You don’t even need to invest in an expensive program. There are hundreds of free apps that are out there on the market that do the same thing. I’ve lately been using Sworkit and it’s been a good experience overall.
Bonus: Long haul flights, lugging bags around cities, and general travel can really have an effect on your body. Try to supplement with a bit of yoga—it’s easy enough to fit a small yoga mat in a carry-on backpack. The same principles apply—use an online program or app, and help keep yourself limber. I’ve been using the Down Dog app on my iPad lately.
I’ll never understand the people who are flying in economy and rush to get on the plane before everybody else. They’re usually the people who are trying to cram their entire life into a carry-on, and then take all of the carry-on space in the plane instead of just checking the bag.
But why would you want to rush to get into the big metal tube before everybody else? So you can sit down before the rest of the passengers before you have to sit through an entire 10 hour flight?
When you’re on the road and left in limbo, make every effort to stand when possible. If you’re trying to get some work done in the airport, try to find a bar or cafe that has a table with higher stools. They can make excellent makeshift standing desks. The more time you can spend on your feet, the better you will feel overall.
The last thing you want is to be so stiff from sitting in planes and airports that you feel unable to work out once you reach your destination. Standing and walking around the airports or other transit hubs will keep the blood flowing and make you less likely to feel like a wood board.
This one is fairly obvious, but it’s worth mentioning. If you’re doing some touristic stuff, don’t take Ubers, cabs, or public transit if you can help it. You never know what you might uncover by walking to your destination. You might find a local’s watering hole or a beautiful cafe. All sorts of neat things can be found when you stop rushing and take your time to take in the sights.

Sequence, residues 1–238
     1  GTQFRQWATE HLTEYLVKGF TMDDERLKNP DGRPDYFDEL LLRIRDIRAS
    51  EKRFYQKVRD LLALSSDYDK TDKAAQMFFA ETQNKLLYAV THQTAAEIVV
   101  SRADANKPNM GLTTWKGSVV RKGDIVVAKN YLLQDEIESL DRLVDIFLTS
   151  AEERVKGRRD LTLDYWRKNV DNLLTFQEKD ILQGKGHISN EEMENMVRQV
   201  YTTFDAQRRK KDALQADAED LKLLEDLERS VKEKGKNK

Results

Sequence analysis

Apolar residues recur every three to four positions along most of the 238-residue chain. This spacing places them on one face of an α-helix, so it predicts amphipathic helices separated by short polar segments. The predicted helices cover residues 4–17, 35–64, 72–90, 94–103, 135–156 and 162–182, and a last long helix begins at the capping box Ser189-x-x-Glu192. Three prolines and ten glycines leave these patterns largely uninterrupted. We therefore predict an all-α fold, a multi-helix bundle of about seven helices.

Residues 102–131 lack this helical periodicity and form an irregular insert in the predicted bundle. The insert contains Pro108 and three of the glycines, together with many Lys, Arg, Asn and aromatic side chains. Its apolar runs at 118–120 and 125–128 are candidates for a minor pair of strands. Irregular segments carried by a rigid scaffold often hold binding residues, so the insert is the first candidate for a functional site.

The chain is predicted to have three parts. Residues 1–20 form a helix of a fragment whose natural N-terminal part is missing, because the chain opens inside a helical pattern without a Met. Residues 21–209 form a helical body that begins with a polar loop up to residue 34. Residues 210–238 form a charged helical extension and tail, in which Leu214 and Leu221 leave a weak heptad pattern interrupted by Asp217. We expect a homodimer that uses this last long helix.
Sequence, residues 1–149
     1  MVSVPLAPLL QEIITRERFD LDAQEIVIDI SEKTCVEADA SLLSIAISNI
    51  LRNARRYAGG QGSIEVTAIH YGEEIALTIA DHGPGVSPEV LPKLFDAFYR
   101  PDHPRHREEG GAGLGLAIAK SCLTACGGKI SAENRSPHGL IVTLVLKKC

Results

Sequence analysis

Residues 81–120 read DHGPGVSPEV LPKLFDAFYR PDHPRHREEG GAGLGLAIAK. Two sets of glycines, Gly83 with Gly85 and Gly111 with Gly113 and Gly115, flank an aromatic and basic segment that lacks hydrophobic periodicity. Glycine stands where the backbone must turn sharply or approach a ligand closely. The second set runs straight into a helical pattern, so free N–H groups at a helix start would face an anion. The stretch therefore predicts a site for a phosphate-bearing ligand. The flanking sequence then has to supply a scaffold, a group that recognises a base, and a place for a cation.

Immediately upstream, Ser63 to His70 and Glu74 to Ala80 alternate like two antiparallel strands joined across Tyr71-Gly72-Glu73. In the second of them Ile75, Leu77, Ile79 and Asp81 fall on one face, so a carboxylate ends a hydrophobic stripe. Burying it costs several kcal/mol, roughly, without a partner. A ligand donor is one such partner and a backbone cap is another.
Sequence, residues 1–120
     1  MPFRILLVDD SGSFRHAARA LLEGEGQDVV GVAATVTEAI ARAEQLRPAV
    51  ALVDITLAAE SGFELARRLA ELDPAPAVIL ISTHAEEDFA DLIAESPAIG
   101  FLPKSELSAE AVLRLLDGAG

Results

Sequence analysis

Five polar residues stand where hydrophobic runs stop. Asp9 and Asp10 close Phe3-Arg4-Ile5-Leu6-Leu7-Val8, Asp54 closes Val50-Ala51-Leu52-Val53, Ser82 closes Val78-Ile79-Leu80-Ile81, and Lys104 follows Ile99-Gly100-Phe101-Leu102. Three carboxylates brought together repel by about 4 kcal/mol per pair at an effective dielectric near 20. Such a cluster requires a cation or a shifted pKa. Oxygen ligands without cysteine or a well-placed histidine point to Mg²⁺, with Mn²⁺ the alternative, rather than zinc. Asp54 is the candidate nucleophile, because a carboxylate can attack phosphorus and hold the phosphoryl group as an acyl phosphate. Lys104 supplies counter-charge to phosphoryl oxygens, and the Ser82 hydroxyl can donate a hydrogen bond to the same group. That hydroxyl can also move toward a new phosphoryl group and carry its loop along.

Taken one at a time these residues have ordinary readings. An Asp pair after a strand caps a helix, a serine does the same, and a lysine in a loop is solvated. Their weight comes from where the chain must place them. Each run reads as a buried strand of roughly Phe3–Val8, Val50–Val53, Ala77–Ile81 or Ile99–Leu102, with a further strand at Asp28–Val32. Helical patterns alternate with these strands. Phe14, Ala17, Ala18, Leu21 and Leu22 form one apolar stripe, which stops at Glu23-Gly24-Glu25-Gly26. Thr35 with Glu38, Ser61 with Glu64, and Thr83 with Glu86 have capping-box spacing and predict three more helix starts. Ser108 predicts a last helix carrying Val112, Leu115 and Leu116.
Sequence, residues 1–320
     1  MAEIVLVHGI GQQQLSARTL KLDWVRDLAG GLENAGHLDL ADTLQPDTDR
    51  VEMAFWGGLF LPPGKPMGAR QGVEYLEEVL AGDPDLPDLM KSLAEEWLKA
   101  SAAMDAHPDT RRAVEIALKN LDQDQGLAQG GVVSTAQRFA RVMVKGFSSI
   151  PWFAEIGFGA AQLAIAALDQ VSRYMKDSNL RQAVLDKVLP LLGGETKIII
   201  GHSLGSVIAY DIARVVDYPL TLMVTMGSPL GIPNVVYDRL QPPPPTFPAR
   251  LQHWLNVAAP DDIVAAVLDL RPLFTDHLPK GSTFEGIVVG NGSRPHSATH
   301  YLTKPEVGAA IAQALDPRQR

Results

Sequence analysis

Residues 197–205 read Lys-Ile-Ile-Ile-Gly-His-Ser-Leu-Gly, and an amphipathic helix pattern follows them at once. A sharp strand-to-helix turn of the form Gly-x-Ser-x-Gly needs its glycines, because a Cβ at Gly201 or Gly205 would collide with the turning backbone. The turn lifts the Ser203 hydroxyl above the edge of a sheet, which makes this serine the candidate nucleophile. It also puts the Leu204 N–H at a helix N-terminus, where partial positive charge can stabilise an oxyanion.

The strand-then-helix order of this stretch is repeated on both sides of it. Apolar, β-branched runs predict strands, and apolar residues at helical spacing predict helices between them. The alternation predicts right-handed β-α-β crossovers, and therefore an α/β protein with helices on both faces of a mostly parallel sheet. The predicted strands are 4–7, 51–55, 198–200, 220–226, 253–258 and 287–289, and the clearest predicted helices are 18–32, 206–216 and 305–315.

So if where you’re trying to go is less than a mile or two away—do it by foot. Avoid taking the easy route by calling an Uber or walking into the metro.
I know that I mentioned in #1 that you’d be wanting to eat out. But it doesn’t mean you need to eat out every meal. Typically, breakfasts around the world are not that unique to a country’s specific cuisine, so you won’t miss much there. You should go out and see what breakfast is like—but once or twice is enough.
What I’m saying is, don’t make eating out three times a day a staple of your diet. No matter where you are in the world, it’s a challenge to eat healthy every time if you never cook.
These days, renting an apartment is very affordable. Plus, it’s often a much better experience than in a hotel. So rent an apartment and commit to cooking at least once a day. Your wallet and waistline will both thank you over the long term.
PS: If you’re looking to improve your ability to travel and want to build a business, check out Troublesome Solutions—where I offer free consultations.